Post-Roe is Now in Texas

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Since early 2020, I’ve driven to a local abortion clinic a few times a month. As a member of the Bridge Collective, a practical support abortion fund in Central Texas, it’s not unusual for me to pick up a pregnant person an hour away, bring them to their abortion appointment, then have another volunteer drive them home a few hours later. The drive and cost of the procedure are often significant barriers for patients, and abortion funds like ours help low-income people access the health care they deserve.

But I haven’t been back to an abortion clinic since September 1, when the Texas law known as SB 8 went into effect.

By now, the world has heard about SB 8. Written by Heritage Foundation lawyers and already being copied in other state legislatures, the draconian law outlaws abortions at six weeks gestation—that means six weeks from the start of the person’s previous period. Worse, the bill encourages vigilante enforcement, allowing strangers to sue anyone who “aids and abets” a person getting an abortion after six weeks and to collect a minimum reward of $10,000 if the lawsuit is successful.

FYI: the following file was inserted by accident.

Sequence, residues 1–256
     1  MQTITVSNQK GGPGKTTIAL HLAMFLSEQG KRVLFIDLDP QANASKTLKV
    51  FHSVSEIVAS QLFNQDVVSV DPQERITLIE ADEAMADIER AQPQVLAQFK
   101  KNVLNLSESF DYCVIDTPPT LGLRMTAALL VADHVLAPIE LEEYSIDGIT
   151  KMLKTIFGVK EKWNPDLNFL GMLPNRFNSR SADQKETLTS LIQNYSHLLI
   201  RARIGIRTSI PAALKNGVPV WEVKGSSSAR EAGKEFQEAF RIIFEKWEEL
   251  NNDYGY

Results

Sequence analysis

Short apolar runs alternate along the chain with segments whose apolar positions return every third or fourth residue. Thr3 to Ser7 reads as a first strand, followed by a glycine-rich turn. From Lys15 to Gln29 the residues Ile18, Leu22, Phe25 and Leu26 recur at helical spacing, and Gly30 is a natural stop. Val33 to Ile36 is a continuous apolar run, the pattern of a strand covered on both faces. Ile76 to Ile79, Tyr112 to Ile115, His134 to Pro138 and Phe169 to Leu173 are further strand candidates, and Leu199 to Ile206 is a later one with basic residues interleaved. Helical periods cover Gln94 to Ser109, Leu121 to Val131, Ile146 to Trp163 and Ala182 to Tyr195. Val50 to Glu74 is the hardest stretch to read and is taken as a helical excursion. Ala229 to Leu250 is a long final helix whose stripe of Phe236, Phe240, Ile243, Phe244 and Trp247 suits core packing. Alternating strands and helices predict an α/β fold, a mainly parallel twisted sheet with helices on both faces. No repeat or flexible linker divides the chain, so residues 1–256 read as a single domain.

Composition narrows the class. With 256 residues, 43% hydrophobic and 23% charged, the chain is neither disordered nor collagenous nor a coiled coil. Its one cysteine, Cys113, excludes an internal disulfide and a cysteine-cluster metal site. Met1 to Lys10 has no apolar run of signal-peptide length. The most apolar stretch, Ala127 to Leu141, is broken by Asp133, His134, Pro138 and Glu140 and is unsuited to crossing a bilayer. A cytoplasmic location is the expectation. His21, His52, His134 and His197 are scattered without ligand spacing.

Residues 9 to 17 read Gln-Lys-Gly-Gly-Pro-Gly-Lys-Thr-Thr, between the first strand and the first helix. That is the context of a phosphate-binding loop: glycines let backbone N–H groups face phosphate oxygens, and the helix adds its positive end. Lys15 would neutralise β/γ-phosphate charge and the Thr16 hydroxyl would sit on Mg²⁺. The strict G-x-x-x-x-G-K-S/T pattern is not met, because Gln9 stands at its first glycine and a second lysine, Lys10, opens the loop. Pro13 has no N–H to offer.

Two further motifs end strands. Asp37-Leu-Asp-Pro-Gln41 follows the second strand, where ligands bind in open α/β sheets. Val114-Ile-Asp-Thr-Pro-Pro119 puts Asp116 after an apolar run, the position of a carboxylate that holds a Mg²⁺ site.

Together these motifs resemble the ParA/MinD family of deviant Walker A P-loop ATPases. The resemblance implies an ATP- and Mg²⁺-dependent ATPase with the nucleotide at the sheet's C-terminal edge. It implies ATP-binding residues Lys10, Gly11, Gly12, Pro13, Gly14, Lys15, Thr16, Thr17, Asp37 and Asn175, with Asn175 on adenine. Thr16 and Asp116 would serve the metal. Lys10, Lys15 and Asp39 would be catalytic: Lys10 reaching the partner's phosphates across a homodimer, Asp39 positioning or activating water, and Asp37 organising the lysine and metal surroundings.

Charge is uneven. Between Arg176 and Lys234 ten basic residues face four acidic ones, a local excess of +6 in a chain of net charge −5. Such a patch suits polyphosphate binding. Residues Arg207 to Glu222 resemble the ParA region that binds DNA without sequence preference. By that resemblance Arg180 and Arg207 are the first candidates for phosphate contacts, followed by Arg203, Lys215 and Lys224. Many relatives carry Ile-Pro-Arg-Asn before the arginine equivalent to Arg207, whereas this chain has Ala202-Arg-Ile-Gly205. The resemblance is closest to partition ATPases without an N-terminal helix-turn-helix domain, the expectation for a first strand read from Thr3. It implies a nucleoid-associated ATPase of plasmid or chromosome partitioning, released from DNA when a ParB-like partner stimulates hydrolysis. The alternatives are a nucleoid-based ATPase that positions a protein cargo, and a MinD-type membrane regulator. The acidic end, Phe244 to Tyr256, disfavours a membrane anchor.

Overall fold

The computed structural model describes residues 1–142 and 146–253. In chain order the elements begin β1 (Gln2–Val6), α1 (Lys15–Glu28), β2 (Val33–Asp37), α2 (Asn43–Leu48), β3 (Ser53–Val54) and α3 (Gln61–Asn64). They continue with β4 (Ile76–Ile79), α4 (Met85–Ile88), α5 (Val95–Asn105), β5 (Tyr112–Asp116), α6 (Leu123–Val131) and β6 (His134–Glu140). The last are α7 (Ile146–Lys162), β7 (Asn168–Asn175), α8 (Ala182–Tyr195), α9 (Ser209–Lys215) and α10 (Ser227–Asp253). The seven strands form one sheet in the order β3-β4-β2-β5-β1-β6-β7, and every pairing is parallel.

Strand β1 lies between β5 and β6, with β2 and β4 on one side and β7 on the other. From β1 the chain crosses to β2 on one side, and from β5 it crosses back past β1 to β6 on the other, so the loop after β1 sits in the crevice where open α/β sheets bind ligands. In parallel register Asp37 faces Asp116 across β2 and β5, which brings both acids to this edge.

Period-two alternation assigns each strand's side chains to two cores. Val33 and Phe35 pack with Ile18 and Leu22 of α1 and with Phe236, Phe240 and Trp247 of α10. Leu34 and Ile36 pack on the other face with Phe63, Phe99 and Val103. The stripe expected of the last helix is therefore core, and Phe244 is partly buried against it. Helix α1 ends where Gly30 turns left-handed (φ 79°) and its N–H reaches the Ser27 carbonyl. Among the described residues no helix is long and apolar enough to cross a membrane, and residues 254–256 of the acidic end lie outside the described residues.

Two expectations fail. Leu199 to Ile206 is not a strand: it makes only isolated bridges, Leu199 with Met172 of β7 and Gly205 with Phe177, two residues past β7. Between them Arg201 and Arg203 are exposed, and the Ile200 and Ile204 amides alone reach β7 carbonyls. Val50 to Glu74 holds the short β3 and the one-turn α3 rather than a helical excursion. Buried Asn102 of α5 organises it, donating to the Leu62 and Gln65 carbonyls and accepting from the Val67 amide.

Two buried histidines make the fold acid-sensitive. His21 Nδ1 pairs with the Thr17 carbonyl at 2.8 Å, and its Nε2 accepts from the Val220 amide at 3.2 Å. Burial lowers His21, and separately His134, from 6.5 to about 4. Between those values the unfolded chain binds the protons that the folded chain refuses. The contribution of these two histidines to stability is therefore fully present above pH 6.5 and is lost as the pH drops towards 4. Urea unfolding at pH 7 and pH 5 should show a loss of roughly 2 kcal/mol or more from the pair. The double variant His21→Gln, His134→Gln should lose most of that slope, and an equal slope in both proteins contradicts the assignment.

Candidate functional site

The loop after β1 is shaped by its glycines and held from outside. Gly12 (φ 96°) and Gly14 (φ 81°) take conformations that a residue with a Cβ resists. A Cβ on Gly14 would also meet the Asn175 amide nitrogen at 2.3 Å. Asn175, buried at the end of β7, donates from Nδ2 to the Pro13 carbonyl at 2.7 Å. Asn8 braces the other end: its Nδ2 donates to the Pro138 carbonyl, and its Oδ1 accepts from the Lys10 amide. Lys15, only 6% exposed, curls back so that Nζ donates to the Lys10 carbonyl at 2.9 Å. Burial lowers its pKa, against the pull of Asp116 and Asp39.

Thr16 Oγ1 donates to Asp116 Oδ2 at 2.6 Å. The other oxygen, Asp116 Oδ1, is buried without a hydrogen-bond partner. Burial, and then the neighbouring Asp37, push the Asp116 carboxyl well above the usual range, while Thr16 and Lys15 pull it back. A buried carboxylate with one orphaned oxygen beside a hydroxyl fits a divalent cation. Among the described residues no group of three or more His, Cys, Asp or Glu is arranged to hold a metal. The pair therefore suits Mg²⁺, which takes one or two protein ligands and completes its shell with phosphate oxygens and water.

Intentionally vague (what is aiding and abetting?) and a constitutional nightmare, the law was signed by Governor Greg Abbott this spring before going into effect in September

Despite two separate lawsuits challenging the law, the U.S. Supreme Court has allowed it to go into effect.

Abbott hoped that signing the law would stop all abortion procedures in Texas. He’s close to getting his wish. The number of legal abortions performed in Texas in September dropped 50% compared to the same time last year. Most people don’t know they are pregnant at six weeks, and self-managed abortion is legally risky, meaning that many must leave the state for care. Depending on where in Texas they live, patients can face up to 12-hour drives to neighboring states—if they can afford the procedure or time off work at all. For un- documented people in the Rio Grande Valley, an area surrounded by highly militarized Border Patrol checkpoints, SB 8 may put legal abortion care completely out of reach.

Out-of-state providers are stepping up as best they can. The two Planned Parenthood clinics in Oklahoma saw 35 patients from Texas between September and November 2020 — and 653 Texans during that same period in 2021.

Overall, Planned Parenthood reported a 1,082% national increase in patients with Texas ZIP codes seek- ing care at out-of-state clinics. We are facing compounding crises, as we saw in early September, when Louisiana clinics were shut down due to impacts of Hurricane Ida, and abortion seekers in both states had to delay care. It is time for people to be able to access this time-sensitive, life-saving health care quickly, for free, within their own communities, and to have it protected by federal law.